In certain embodiments, the present invention provides a vehicle comprising one front-wheel attached to the front end of a frame, and one rear-wheel attached to the rear end of the frame, wherein the vehicle has front-wheel drive and rear-wheel steering; wherein the frame comprises a power source positioned below the horizontal midpoint of the frame and in the front end of the frame, wherein the power source is configured to drive the front-wheel drive. In some embodiments, the frame has a seating arrangement. In some embodiments, the power source is an engine. In some embodiments, the power source is a pedal based system. In some embodiments, the power source rotates the front-wheel. In some embodiments, the front-wheel is rigidly attached to the front end of the frame such that the front-wheel is unable to move laterally. In some embodiments, the rear-wheel is attached to the rear end of the frame such that the rear-wheel is able to move laterally. In some embodiments, the power source is configured for manual operation. In some embodiments, the frame further comprises a steering apparatus configured to steer the rear-wheel. In some embodiments, the steering apparatus is a handlebar.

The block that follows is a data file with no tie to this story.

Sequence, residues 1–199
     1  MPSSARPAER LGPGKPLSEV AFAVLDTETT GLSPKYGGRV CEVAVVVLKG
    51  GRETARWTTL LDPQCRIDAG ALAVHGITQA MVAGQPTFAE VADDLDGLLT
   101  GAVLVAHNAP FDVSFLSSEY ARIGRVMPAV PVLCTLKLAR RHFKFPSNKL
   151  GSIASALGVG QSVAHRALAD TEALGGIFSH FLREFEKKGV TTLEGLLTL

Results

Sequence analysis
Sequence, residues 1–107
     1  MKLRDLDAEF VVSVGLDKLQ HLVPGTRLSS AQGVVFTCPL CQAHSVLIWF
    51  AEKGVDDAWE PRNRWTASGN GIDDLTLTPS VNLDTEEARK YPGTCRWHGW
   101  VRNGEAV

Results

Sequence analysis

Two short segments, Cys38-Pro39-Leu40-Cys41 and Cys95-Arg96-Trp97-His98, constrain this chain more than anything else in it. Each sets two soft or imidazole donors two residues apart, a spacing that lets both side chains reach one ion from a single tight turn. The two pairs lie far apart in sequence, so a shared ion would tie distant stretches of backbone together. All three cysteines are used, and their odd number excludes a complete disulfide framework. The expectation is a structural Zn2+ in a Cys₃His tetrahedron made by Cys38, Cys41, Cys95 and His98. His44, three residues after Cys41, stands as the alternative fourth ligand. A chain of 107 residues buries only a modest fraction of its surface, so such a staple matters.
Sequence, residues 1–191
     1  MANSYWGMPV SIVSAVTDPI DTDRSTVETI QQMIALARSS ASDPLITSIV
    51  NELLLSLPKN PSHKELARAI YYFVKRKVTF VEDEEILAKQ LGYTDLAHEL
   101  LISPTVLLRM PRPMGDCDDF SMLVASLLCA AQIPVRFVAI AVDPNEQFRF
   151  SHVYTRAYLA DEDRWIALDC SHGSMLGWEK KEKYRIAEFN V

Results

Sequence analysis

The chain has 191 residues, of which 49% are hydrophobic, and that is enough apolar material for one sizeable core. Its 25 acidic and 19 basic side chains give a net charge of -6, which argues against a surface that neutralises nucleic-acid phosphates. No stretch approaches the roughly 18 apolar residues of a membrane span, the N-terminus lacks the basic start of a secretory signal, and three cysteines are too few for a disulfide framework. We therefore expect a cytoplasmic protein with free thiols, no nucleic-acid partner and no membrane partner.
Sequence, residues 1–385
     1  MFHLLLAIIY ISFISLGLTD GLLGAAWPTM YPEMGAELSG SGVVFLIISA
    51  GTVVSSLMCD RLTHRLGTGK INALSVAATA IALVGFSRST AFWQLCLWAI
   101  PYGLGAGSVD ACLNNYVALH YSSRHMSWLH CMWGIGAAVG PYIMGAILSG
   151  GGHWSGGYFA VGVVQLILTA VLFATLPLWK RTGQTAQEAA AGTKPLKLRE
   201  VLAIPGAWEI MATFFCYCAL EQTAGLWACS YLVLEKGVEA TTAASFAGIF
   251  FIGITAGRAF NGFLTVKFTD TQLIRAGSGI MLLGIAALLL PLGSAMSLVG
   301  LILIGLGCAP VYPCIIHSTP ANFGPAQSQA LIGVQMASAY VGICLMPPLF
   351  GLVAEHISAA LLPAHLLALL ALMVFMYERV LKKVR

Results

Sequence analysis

In certain embodiments, the present invention provides a kit for converting a front-wheel steered, rear-wheel powered bicycle into rear-wheel steered, front-wheel powered bicycle, comprising instructions, and a swing bar. In some embodiments, the swing bar comprises handlebars. In some embodiments, the swing bar comprises a wheel. In some embodiments, the swing bar is configured to engage a front-wheel steered, rear-wheel powered bicycle such that the swing bar is secured with the front-wheel steered, rear-wheel powered bicycle. In some embodiments, the kit further comprises a standard bicycle. In some embodiments, the kit further comprises an attachable seat configured to attach onto the main frame of the front-wheel steered, rear-wheel powered bicycle. In some embodiments, the instructions describe how to convert the front-wheel steered, rear-wheel powered bicycle into rear-wheel steered, front-wheel powered bicycle with the swing bar.